Public social insurance and safety net programs are critical to the economic security of women and families. Social Security, the EITC, SNAP, unemployment insurance, and Supplemental Security Income (SSI) are five key programs that lifted families’ incomes above the official poverty line in 2013.
The poverty rates for women, like poverty rates overall, remained at historically high levels in 2012, according to U.S. Census Bureau data released in September 2013. Women’ poverty rates were once again substantially above the poverty rates for men.
This fact sheet shows how President Obama's FY 2016 budget would help women and their families through expanded and improved access to the Child and Dependent Care Tax Credit (CDCTC), the Earned Income Tax Credit (EITC), the Child Tax Credit (CTC) and the American Opportunity Tax Credit (AOTC).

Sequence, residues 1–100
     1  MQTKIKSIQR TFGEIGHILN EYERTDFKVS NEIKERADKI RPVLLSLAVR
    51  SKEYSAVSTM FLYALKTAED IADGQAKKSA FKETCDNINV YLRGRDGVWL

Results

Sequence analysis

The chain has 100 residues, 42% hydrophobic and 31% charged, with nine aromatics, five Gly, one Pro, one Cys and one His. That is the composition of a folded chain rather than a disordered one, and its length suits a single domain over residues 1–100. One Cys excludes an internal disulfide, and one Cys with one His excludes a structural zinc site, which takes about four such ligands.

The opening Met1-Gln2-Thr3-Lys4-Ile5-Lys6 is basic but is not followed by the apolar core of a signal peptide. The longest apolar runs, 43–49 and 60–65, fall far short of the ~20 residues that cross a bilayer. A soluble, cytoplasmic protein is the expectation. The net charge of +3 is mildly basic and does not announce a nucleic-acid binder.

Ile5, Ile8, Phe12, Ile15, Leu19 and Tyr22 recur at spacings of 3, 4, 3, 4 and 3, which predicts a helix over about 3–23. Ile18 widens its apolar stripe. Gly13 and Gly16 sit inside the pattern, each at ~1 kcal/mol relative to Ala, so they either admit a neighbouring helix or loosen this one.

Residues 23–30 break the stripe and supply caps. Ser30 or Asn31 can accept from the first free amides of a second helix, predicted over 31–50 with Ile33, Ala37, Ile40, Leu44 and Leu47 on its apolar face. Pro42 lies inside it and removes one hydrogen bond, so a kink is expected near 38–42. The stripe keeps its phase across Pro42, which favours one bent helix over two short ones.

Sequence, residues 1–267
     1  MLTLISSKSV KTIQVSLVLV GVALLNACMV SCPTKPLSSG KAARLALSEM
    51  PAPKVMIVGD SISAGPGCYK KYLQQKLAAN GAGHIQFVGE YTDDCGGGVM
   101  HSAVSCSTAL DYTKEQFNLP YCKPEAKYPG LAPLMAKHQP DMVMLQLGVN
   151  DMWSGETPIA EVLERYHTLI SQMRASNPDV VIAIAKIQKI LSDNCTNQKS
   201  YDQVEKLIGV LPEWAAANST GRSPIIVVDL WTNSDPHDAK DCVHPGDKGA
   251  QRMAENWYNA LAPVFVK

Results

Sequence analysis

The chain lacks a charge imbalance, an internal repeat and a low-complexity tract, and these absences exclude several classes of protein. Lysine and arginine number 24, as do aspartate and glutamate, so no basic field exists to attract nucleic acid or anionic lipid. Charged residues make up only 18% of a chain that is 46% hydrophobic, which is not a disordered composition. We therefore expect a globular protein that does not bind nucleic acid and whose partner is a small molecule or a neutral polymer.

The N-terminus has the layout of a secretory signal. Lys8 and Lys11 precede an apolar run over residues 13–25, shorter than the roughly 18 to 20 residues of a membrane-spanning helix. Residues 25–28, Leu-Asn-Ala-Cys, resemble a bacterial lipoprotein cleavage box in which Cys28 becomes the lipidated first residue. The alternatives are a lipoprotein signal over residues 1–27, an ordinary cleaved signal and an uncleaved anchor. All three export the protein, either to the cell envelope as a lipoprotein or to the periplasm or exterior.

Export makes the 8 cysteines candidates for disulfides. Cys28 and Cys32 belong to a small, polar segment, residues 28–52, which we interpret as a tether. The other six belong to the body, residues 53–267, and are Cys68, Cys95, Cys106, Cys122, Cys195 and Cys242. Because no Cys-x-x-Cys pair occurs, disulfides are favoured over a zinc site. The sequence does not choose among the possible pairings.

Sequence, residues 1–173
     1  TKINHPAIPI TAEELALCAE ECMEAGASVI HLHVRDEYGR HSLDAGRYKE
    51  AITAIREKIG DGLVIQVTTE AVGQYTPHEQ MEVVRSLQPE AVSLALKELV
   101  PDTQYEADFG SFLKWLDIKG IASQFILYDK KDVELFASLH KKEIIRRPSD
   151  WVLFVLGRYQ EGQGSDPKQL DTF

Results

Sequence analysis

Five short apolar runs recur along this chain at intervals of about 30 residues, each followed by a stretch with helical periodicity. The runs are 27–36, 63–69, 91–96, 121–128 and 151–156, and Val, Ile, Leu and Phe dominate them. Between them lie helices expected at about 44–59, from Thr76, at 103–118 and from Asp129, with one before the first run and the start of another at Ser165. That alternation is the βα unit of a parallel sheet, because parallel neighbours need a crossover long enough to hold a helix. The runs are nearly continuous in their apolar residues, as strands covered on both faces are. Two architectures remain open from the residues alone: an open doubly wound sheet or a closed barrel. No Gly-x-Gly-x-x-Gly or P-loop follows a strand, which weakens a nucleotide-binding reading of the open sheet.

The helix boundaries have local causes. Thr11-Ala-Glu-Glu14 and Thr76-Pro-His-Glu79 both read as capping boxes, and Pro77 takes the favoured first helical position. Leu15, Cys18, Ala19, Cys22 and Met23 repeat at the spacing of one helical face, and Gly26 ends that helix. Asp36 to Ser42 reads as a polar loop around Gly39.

Invited testimony by Joan Entmacher presents key statistics showing how public programs lift millions of Americans out of poverty, and the major gaps that exist in these safety net and work support programs.
The National Women’s Law Center joined the American Civil Liberties Union, Legal Momentum, and other civil rights advocates as amici curiae on a brief filed with the D.C. Circuit in support of the Department of Labor (DOL) in Home Care Association of America vs. Weil.
The minimum wage is falling short for millions of Americans — especially for women, who represent nearly two-thirds of minimum wage workers across the country, and at least half of minimum wage workers in every state. Use this chart to see how the states compare.